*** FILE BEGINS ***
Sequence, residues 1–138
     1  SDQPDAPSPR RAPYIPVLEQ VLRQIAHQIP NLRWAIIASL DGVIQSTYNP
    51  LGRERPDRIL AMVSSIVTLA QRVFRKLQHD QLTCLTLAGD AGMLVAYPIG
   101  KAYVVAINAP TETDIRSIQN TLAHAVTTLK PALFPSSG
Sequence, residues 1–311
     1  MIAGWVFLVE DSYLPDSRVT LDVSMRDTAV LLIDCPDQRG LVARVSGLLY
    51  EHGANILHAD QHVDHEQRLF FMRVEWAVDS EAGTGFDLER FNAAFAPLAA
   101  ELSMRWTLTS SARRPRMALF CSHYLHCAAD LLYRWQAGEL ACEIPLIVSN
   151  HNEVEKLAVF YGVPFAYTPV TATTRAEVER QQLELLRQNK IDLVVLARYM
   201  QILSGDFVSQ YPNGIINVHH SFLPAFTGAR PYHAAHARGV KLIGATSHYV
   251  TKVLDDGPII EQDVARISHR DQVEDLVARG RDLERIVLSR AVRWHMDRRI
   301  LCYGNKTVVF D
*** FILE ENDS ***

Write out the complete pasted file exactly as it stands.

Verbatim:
Sequence, residues 1–138
     1  SDQPDAPSPR RAPYIPVLEQ VLRQIAHQIP NLRWAIIASL DGVIQSTYNP
    51  LGRERPDRIL AMVSSIVTLA QRVFRKLQHD QLTCLTLAGD AGMLVAYPIG
   101  KAYVVAINAP TETDIRSIQN TLAHAVTTLK PALFPSSG
Sequence, residues 1–311
     1  MIAGWVFLVE DSYLPDSRVT LDVSMRDTAV LLIDCPDQRG LVARVSGLLY
    51  EHGANILHAD QHVDHEQRLF FMRVEWAVDS EAGTGFDLER FNAAFAPLAA
   101  ELSMRWTLTS SARRPRMALF CSHYLHCAAD LLYRWQAGEL ACEIPLIVSN
   151  HNEVEKLAVF YGVPFAYTPV TATTRAEVER QQLELLRQNK IDLVVLARYM
   201  QILSGDFVSQ YPNGIINVHH SFLPAFTGAR PYHAAHARGV KLIGATSHYV
   251  TKVLDDGPII EQDVARISHR DQVEDLVARG RDLERIVLSR AVRWHMDRRI
   301  LCYGNKTVVF D